Supervisor David Campos sent a clear message at the Local Agency Formation Commission (LAFCo) meeting on Jan. 23, emphasizing that he was eager to move beyond the delays that have hindered progress on Community Choice Aggregation. Commissioners Michael Bornstein and Ross Mirkarimi — who represents District 5 on the Board of Supervisors — echoed his concerns, along with an array of community members who turned out to speak during the public-comment session. Meanwhile, a few members of the public warned that further delays might amount to missing the boat on federal funding for alternative-energy programs, which the Obama administration is expected to make available in the near future.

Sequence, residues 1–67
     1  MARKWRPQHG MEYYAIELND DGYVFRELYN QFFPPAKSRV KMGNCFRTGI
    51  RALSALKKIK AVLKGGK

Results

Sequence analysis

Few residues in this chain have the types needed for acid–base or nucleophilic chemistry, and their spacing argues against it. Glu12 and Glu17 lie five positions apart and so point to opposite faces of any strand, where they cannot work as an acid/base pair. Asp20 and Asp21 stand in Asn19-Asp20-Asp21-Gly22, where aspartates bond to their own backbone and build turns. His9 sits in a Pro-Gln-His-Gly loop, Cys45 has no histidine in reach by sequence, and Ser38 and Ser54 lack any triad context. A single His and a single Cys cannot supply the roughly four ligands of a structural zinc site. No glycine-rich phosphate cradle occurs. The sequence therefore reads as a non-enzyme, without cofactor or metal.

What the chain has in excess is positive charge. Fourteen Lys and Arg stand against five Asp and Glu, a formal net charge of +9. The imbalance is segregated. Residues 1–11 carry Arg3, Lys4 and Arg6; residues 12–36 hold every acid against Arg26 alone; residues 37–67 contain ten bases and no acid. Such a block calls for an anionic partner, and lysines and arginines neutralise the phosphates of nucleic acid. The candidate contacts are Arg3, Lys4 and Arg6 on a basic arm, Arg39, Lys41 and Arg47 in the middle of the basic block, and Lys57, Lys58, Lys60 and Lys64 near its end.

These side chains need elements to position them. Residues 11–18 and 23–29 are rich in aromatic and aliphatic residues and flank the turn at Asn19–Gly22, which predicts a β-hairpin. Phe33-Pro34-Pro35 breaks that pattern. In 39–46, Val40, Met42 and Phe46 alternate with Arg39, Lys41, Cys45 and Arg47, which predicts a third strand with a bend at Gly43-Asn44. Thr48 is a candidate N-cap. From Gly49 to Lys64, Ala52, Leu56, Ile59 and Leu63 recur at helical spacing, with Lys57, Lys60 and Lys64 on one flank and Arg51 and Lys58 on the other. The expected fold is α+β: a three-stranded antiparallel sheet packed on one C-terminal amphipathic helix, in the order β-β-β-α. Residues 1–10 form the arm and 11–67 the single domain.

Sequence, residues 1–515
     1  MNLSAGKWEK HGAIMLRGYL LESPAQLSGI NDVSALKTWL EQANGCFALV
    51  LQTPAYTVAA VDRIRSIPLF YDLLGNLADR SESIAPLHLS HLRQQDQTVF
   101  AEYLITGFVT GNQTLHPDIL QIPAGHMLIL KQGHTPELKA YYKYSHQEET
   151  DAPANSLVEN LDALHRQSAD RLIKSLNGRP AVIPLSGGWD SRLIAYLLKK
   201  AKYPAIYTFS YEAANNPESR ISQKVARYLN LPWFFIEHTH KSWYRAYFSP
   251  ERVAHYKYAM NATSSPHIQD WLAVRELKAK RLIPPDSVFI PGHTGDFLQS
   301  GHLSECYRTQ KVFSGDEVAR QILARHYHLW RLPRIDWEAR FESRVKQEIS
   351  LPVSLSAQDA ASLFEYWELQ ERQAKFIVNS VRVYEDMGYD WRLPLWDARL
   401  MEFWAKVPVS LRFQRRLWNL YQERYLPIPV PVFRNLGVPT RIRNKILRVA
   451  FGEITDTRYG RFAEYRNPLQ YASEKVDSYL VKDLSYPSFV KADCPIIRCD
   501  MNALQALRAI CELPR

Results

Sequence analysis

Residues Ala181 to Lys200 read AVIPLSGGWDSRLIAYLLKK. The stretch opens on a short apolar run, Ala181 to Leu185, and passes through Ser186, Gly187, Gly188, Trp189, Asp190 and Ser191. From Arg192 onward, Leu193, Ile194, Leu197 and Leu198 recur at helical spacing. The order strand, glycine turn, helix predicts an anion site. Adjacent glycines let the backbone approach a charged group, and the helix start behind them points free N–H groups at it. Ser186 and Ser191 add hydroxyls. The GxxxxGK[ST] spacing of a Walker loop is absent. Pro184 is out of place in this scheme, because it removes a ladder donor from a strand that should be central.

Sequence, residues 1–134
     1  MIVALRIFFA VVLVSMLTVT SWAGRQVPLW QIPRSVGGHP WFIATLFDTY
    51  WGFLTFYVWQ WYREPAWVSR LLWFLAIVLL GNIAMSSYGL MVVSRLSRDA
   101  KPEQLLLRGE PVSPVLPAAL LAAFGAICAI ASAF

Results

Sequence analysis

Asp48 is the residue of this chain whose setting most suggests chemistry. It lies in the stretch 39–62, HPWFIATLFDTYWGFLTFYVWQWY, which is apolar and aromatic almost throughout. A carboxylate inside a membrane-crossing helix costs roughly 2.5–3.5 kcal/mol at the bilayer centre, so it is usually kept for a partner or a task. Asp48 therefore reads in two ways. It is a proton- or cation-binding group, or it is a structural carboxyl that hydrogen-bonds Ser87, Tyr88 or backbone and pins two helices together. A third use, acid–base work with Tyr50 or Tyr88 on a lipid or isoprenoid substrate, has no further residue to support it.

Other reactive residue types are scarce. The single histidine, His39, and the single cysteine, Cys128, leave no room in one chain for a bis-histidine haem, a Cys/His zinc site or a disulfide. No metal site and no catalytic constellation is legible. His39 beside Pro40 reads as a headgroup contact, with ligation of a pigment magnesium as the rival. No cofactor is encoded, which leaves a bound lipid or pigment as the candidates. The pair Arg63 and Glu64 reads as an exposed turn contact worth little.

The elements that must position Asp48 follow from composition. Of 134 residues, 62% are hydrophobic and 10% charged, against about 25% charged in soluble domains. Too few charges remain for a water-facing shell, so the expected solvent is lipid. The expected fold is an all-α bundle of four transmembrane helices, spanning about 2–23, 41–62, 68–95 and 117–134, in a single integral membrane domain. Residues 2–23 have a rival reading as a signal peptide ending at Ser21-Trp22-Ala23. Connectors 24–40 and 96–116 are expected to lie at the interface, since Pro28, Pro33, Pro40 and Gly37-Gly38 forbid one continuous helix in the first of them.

Campos, who represents District 9 on the Board of Supervisors, is also the newest LAFCo commissioner. The city agency is charged with monitoring and advising the San Francisco Public Utility Commission’s efforts to develop and implement a Community Choice Aggregation program, which was mandated in 2004 by the Board of Supervisors to help ensure the “provision of clean, reasonably priced, and reliable electricity.” A CCA program would allow the city and county of San Francisco to become its own wholesale power purchaser for citizens. The plan includes targets for purchasing power generated from renewable resources such as wind and solar, with a goal of 100 percent clean energy by 2040. But the process of getting CCA off the ground has been moving along at a snail pace.